Fine, M.D. (2012), Employment and Informal Care: Sustaining Paid Work and Caregiving in Community and Home-based Care. Ageing International 37: 5768.CrossRefGoogle Scholar
Finnish Centre for Pensions. Retirement ages in Member States. Available at: https://www.etk.fi/en/the-pension-system/international-comparison/retirement-ages/ Google Scholar
Francesca, C., Ana, L-N., Jérôme, M., et al. (2011), OECD health policy studies help wanted? Providing and paying for long-term care: providing and paying for long-term care: OECD Publishing.Google Scholar
Gautun, H. and Bratt, C. (2017), Caring too much? Lack of public services to older people reduces attendance at work among their children. European Journal of Ageing 14: 155166.CrossRefGoogle ScholarPubMed
Goode, W.J. (1960), A theory of role strain. American sociological review: 483496.CrossRefGoogle Scholar
Hedel, K.v., Mejía-Guevara, I., Avendaño, M., et al. (2016), Work–Family Trajectories and the Higher Cardiovascular Risk of American Women Relative to Women in 13 European Countries. American Journal of Public Health 106: 14491456.CrossRefGoogle ScholarPubMed
Henz, U. (2006), Informal Caregiving at Working Age: Effects of Job Characteristics and Family Configuration. Journal of Marriage and Family 68: 411429.CrossRefGoogle Scholar
Jacobs, J.C., Van Houtven, C.H., Laporte, A., et al. (2015), Baby Boomer caregivers in the workforce: Do they fare better or worse than their predecessors? The Journal of the Economics of Ageing 6: 89101.CrossRefGoogle Scholar
Kendig, H., Byles, J.E., O’Loughlin, K., et al. (2014), Adapting data collection methods in the Australian Life Histories and Health Survey: a retrospective life course study. BMJ open 4: e004476.CrossRefGoogle ScholarPubMed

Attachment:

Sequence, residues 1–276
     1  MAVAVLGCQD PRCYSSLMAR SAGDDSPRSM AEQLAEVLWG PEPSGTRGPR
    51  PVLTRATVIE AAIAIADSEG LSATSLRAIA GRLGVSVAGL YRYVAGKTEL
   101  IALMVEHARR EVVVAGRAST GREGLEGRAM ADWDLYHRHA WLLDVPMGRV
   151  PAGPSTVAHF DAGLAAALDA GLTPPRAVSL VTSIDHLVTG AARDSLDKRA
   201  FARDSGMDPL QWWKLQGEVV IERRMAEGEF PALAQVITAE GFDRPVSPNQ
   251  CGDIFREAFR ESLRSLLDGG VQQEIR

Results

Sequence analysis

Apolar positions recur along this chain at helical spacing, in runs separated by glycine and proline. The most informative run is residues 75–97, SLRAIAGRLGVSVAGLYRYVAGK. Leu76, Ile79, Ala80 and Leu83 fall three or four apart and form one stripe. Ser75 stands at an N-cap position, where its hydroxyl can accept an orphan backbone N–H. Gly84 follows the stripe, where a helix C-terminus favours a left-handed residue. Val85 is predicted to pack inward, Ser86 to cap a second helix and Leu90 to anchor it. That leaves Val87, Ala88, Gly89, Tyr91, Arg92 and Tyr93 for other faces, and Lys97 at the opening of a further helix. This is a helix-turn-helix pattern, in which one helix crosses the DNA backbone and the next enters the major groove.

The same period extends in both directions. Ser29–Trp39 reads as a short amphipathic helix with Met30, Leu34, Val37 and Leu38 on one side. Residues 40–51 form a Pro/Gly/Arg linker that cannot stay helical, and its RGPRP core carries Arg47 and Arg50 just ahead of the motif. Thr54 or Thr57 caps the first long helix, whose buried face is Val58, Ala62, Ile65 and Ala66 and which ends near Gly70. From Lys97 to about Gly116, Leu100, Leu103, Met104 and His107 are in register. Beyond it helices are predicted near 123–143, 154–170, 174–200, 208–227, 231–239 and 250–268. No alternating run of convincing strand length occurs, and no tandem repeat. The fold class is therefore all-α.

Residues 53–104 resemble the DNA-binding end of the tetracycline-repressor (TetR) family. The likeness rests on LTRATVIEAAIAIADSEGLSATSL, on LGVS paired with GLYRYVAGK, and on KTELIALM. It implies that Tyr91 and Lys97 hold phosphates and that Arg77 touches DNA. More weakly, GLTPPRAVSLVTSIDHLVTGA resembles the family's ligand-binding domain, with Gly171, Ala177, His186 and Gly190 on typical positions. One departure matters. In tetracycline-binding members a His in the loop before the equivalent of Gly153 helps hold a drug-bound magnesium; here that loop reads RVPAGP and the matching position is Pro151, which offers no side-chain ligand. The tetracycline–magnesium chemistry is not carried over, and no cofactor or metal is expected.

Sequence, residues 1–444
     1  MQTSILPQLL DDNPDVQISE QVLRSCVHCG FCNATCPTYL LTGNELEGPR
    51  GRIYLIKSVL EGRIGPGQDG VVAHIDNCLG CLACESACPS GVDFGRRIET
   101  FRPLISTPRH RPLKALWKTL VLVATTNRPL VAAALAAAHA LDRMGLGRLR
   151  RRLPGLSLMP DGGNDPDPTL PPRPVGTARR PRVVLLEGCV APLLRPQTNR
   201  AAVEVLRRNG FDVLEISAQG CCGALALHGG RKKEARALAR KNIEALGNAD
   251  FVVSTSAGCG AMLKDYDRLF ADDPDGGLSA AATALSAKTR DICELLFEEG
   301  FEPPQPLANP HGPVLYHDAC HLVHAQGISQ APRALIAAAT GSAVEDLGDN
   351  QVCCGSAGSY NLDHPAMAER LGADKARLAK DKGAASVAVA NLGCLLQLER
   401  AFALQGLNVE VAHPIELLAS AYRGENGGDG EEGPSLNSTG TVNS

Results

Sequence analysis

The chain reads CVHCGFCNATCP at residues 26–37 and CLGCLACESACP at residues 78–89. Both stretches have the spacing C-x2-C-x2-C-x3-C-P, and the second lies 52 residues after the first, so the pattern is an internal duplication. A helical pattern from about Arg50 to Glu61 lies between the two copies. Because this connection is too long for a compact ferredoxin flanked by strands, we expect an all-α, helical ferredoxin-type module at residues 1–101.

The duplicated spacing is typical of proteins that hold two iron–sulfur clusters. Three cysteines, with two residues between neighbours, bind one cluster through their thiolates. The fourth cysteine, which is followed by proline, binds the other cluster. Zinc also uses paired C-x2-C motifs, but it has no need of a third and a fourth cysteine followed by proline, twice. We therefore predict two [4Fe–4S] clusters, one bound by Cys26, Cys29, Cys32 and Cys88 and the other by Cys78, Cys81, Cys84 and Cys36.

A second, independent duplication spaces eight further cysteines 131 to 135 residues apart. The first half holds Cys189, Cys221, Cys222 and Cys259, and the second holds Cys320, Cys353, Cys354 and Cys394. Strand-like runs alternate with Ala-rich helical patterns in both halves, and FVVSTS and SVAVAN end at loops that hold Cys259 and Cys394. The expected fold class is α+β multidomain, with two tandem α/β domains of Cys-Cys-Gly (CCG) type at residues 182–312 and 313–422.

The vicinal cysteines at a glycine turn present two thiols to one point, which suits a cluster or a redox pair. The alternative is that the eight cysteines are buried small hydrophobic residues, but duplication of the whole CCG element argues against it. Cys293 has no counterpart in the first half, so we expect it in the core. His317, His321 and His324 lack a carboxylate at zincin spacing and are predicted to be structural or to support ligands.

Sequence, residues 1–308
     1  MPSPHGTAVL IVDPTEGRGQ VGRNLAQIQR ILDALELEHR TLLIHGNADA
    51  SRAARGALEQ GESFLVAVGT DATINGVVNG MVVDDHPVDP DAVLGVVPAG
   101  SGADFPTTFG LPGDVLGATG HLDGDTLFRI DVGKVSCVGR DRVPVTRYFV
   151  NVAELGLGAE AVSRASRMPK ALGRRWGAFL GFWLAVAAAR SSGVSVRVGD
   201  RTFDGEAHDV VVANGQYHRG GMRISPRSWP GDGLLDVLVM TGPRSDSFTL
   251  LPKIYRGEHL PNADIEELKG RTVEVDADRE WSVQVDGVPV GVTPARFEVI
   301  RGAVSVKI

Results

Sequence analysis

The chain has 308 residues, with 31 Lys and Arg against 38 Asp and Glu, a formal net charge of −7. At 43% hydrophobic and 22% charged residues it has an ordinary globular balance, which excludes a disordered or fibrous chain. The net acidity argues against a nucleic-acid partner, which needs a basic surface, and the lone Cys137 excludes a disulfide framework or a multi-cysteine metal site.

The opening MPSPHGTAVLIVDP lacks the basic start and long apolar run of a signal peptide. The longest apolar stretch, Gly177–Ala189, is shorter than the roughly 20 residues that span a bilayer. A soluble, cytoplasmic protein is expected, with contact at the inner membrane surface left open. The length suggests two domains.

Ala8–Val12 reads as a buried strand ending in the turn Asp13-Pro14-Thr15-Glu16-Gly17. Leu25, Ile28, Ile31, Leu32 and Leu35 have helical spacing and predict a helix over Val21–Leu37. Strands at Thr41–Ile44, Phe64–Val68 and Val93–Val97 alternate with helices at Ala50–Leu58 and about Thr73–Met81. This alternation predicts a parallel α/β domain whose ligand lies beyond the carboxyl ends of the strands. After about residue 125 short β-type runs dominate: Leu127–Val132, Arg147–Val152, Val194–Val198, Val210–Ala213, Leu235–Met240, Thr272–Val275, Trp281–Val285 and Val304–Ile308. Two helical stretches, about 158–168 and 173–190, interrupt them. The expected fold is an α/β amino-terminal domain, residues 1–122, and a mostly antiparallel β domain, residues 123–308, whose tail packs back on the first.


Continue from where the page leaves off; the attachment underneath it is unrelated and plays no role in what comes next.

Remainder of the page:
Leigh, A. (2010), Informal care and labor market participation. Labour Economics 17: 140149.CrossRefGoogle Scholar
Lester, G. (2005), A defense of paid family leave. Harvard Journal of Law & Gender, 28: 1.Google Scholar
Lilly, M.B., Laporte, A. and Coyte, P.C. (2007), Labor market work and home care’s unpaid caregivers: a systematic review of labor force participation rates, predictors of labor market withdrawal, and hours of work. The Milbank Quarterly 85: 641690.CrossRefGoogle ScholarPubMed
Marks, S.R. (1977), Multiple roles and role strain: Some notes on human energy, time and commitment. American sociological review: 921936.CrossRefGoogle Scholar
Marks, S.R. and MacDermid, S.M. (1996), Multiple roles and the self: A theory of role balance. Journal of Marriage and the Family: 417432.CrossRefGoogle Scholar
Mazzonna, F. and Havari, E. (2011), Can we trust older people’s statements on their childhood circumstances? Evidence from SHARELIFE. SHARE Working Paper Series 05-2011.CrossRefGoogle Scholar
McGarry, K.M. (2006), Does caregiving affect work? Evidence based on prior labor force experience. Health care issues in the United States and Japan. University of Chicago Press, 209228.CrossRefGoogle Scholar
Pavalko, E.K. and Artis, J.E. (1997), Women’s caregiving and paid work: Causal relationships in late midlife. The Journals of Gerontology Series B: Psychological Sciences and Social Sciences 52: S170S179.CrossRefGoogle ScholarPubMed
Pavalko, E.K. and Henderson, K.A. (2006), Combining Care Work and Paid Work:Do Workplace Policies Make a Difference? Research on Aging 28: 359374.CrossRefGoogle Scholar
Rostgaard, T. and Szebehely, M. (2012), Changing policies, changing patterns of care: Danish and Swedish home care at the crossroads. European Journal of Ageing 9: 101109.CrossRefGoogle Scholar
Sarasa, S. and Billingsley, S. (2008), Personal and household caregiving from adult children to parents and social stratification. Families, Ageing and Social Policy: Intergenerational Solidarity in European Welfare States: 123.CrossRefGoogle Scholar